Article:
Zhang Huan, Pagoda, 2009 // Gray brick, steel, taxidermied pig // 244 (height) x 335 (diameter) inches (619.8 x 851 centimeters) // Photo credit: Samuel Kahn // Image courtesy of the artist and Blum & Poe, Los Angeles, CA
ZHANG HUAN / 49 Days // May 21 until July 9, 2011 // BLUM & POE // Los Angeles
Blum & Poe is pleased to present 49 Days, a monumental exhibition of new brick sculpture by Chinese-based artist Zhang Huan. This is Zhang Huan's first solo exhibition with Blum & Poe in LA.
Zhang has developed a vast body of work ranging from endurance-based body performance (while living in New York) to large-scale public commissions, painting and sculpting with incense ash and even reinterpreting Handel's classic opera Semele at the Théâtre Royal de la Monnaie in Belgium and the Poly Theater, Beijing.
Central to his exhibition at Blum & Poe will be Pagoda, 2009, an imposing brick sculpture originally displayed at the Shanghai Art Museum. The twenty-two foot tall bell shaped pagoda is comprised of salvaged brick collected from demolition sites surrounding Shanghai (centuries old buildings that have been bulldozed in place of modern architectural progress). Near the center of the structure is a carved window from which a taxidermied pig periodically emerges and from where clouds of incense ash are dramatically emitted into the gallery.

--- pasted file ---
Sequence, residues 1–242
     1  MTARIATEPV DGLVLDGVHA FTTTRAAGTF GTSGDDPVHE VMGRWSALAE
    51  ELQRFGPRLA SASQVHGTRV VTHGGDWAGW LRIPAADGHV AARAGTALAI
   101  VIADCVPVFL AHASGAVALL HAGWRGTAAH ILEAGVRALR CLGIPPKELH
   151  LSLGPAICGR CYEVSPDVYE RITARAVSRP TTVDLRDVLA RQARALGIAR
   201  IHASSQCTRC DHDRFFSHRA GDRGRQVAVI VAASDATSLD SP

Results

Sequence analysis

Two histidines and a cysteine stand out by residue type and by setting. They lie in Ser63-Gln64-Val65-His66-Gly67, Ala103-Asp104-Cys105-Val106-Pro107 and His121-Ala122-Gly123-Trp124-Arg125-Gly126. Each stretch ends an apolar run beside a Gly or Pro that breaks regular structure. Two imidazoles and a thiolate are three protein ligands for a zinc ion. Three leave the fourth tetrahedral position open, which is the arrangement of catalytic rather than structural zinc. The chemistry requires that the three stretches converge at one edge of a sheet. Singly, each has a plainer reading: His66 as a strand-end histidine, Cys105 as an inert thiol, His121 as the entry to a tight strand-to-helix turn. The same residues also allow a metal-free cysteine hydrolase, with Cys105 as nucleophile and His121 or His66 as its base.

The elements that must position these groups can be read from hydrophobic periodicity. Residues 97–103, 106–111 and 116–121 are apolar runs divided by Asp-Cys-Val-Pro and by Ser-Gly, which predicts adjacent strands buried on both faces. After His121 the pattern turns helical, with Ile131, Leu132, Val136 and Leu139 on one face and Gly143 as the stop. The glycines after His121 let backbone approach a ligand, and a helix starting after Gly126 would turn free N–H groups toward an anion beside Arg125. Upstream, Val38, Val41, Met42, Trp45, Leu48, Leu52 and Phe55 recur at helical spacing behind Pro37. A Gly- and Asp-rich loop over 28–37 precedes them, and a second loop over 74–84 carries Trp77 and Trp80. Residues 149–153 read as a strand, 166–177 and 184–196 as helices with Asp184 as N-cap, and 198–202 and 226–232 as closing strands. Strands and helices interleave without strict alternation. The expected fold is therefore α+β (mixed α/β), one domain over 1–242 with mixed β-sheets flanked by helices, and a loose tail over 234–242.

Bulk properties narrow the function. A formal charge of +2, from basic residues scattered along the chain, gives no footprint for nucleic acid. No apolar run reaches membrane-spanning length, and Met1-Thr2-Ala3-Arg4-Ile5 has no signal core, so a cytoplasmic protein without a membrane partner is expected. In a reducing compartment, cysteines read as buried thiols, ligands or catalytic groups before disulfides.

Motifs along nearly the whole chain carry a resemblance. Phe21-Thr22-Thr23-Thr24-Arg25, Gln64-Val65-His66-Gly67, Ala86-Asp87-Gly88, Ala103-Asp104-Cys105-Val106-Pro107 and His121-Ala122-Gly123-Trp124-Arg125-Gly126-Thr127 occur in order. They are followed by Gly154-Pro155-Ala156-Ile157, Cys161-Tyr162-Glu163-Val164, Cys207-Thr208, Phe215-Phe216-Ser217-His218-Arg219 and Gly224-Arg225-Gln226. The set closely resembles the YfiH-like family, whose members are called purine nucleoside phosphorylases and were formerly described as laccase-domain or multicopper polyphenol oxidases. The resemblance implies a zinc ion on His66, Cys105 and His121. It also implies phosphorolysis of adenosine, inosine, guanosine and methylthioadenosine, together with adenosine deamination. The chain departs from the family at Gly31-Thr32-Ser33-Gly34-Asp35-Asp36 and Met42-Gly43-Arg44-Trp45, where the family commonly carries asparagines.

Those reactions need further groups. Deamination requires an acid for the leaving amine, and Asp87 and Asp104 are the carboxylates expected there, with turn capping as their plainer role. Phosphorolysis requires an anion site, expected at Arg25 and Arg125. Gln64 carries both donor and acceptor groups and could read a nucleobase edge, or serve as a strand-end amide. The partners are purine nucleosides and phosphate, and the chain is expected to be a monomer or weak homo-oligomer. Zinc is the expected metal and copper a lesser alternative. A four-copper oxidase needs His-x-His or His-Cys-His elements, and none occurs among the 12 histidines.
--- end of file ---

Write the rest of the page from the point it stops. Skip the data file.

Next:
Pagoda serves partly as a tribute to Zhu Gangqiang, or the "Cast-Iron Pig", now famous for having survived 49 days in rubble, following China's historic 2008 Sichuan earthquake. Upon hearing its story of survival, Zhang negotiated the pig's purchase and has subsequently adopted him into his studio, employing a full-time caretaker and making his likeness a central part of his artistic practice. The number "49" (from which the show takes its title) is dually significant, both for its relationship to Zhu Gangqiang's story and for its connection to Buddhist thought, as the Buddhists believe 49 days is the amount of time ones soul remains on earth between death and reincarnation.